21:2 Spacewalk

OUTER SPACE  |  2055

Even with the world’s experts finally coming together with the support of their respective governments, Major knew firsthand how fragile and how desperate of a last ditch effort his mission was. The trip was already off to an inauspicious start as the craft that was to carry them out past Mars and back again had taken a disturbing hit.

An orbiting piece of space junk, perhaps a remnant of one of the Western satellites the Chinese had destroyed in the brief flare of hostilities earlier in the century—which might have had something to do with why Zhang made him a little nervous—tore through the ship’s communications array. It wouldn’t do to be so far from home and not be able to talk to Earth, although, if the mission was ultimately unsuccessful, he wasn’t looking forward to making the call anyway.

On the bright side, Major mused, this would be one of the last opportunities to get some practice operating one of the new generation spacesuits before arriving at the comet five months down the road.

Although rapidly approaching sixty, Zhang could realistically don the bulky life support systems necessary for a spacewalk, after all, John Glenn had gone up in the space shuttle Discovery at the ripe old age of 77. Bjoern, however, had practically leapt at the chance to join the captain at the air lock.

Despite any misgivings he had about Pape or the doctor, at least Major felt comfortable trusting his second in command to handle the mission while he was outside the ship.

“How does it look out there, captain?” Konstantinov’s voice broke Major’s trance. “Can you fix the array, or do we have to take it into the shop?”

“We can fix it, Nika,” Major replied, hoping that merely saying it out loud would help make it true. “Although spending the day drinking burned coffee and reading out-of-date sports articles while someone else does the work doesn’t sound half bad right about now.”

“Copy that, captain. I’ll notify Jiffy Lubrication that we are bringing her in.”

Jiffy Lube? First the bad hair metal tunes and now name checking a long-defunct American auto service industry? I am going to have to take another look at her psych report, Major mused. I would hate to get out by Mars and have Konstantinov start thinking she is Jon Bon Jovi. Whoever that was.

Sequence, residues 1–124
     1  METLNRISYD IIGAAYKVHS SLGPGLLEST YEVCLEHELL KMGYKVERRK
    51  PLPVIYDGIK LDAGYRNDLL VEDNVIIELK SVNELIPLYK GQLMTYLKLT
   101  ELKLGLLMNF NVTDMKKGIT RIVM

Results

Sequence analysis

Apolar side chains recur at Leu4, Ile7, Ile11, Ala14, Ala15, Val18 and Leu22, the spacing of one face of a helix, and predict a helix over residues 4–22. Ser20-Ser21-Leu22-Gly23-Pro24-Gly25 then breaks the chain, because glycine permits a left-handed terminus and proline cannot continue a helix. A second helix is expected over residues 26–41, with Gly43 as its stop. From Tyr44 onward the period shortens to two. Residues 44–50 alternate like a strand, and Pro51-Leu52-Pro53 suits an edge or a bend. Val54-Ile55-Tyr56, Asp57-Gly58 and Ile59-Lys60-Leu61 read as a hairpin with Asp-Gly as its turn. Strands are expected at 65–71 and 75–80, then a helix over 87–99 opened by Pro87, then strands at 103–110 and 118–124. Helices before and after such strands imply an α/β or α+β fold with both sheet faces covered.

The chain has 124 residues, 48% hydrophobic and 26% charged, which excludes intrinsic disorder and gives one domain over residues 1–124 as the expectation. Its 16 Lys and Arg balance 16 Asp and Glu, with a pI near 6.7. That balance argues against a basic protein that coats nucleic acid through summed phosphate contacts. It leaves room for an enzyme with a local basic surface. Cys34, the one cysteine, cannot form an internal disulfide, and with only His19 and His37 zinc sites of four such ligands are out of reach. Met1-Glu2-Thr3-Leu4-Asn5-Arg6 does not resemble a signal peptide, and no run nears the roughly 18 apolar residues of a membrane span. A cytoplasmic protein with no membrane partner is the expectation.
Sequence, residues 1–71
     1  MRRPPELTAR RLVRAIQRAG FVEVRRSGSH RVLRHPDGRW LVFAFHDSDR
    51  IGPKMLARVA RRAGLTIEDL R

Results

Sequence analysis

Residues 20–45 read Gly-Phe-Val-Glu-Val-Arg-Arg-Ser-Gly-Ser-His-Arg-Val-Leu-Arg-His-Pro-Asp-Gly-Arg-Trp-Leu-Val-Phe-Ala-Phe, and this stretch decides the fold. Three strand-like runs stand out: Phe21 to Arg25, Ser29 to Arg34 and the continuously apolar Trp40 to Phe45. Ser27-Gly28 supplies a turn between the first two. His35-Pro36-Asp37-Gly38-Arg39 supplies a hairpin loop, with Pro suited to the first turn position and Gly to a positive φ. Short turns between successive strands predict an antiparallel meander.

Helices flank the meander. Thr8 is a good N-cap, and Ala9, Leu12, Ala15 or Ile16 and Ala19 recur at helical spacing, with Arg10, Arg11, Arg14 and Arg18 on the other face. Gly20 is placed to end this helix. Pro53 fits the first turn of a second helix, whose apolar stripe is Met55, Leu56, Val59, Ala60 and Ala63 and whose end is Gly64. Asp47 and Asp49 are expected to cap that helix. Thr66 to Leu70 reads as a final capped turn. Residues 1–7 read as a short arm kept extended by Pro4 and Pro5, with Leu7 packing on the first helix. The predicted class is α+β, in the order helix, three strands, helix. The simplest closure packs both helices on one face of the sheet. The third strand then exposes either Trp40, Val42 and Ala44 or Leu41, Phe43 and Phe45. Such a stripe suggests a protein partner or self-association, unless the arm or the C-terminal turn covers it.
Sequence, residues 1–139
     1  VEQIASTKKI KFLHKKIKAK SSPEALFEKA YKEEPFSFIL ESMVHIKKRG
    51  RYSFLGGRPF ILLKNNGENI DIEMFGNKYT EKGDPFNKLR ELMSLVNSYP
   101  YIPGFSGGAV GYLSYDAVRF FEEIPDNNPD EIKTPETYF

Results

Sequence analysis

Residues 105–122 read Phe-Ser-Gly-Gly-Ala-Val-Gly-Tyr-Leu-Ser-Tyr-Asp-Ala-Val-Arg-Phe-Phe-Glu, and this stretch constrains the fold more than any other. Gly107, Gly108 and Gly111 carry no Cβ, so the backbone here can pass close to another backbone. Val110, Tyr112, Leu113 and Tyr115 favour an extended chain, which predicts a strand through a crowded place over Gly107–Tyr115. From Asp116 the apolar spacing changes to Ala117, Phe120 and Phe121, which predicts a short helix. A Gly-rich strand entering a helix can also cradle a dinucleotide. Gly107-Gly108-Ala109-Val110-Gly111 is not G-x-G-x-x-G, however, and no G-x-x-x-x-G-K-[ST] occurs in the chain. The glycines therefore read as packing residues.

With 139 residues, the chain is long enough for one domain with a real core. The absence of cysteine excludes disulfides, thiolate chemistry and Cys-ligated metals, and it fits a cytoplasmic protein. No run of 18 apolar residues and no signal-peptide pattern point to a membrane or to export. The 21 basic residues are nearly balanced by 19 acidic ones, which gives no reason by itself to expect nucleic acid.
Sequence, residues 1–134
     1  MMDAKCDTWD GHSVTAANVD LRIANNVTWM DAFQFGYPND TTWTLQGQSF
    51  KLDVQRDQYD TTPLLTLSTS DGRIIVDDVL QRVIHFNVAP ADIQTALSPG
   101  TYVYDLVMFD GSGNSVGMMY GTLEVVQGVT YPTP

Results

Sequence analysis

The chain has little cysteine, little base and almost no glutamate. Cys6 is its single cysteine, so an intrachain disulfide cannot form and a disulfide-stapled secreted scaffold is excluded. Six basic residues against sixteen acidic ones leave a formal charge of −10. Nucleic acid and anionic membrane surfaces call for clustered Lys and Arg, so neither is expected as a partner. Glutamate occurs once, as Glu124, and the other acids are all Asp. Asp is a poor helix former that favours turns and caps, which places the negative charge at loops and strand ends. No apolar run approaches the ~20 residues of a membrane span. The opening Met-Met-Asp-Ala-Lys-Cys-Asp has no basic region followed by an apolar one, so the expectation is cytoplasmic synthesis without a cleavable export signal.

Thomas Major broke himself away from the view and the verbal parry with Konstantinov and accessed the task at hand. A small chunk of flying metal had torn through the assemblage of antennae with such deliberate destruction it looked like it had been murdered with a shotgun.

All of the tiny pieces of junk that orbited the planet traveled at between four and six miles a second, and although the ship’s hull had been designed to absorb such a hit, the intricate instrumentation on the outside of the ship was not as robust.

Major was especially concerned about the gold filigree microwave collector that stood out from the center array and, until it had been destroyed, had pointed down toward the planet like a delicate fern arching toward the forest floor. It now resembled a frond that had been stomped into the mud by a rampaging wild hog.

“Do you have the replacement for this one, Bjoern?” Major asked the Norwegian. The way Earth reflected off the astronaut’s convex mirrored face mask made Major feel he was asking the personification of the entire planet a question.

Ja, captain, it should be here.” Bjoern bounded over to the maintenance hatch for the antennae and reached for its recessed locking handles.

“Easy does it, Bjoern,” Major warned. “Weightlessness is tricky. We’re each actually pushing 600 pounds with all this equipment. You don’t want to burn yourself out. You’ll get there, but you have to be relaxed about it.”

“Sorry, captain,” Bjoern said. “You can’t blame me for being excited. Look at this view! I’m usually stuck inside with my head down in a pile of rocks.”

“Mind on the mission and mission on the mind, Ancher,” Major reminded his overeager crew member, feeling a twinge of guilt for having lost himself for a moment in the same manner.

Major unconsciously held his breath as Bjoern unfastened the maintenance hatch and carefully removed a new array. The only sound in the universe was the reassuring hum of the oxygen recirculating through his suit.

“We had better make this one last,” Bjoern’s voice crackled over the silence.

“Heads up, gentlemen,” Konstantinov warned. “I’ve got a swarm of interference coming up over the terminator.”

Bjoern turned to look toward the demarcating line between day and night that swept across the globe below. His movements, exaggerated by his bulky spacesuit, were a clumsy pantomime of curiosity.

“Eyes on the prize, Bjoern. We have to get that fixed and move this bird out of Earth orbit before we take on more shrapnel than a turkey in November.”

Bjoern’s Earth-reflecting helmet swiveled toward Major for a second then bowed to the task. “I’ve almost got it. Dritt, my leash is snagged on the wreckage. I’m going to have to unhook and untangle this tether.”

“Negative. Belay there, Bjoern. Let me … ”

“Gentlemen! I would hold on to something and try to think un-holey thoughts right now. The swarm is right … ”

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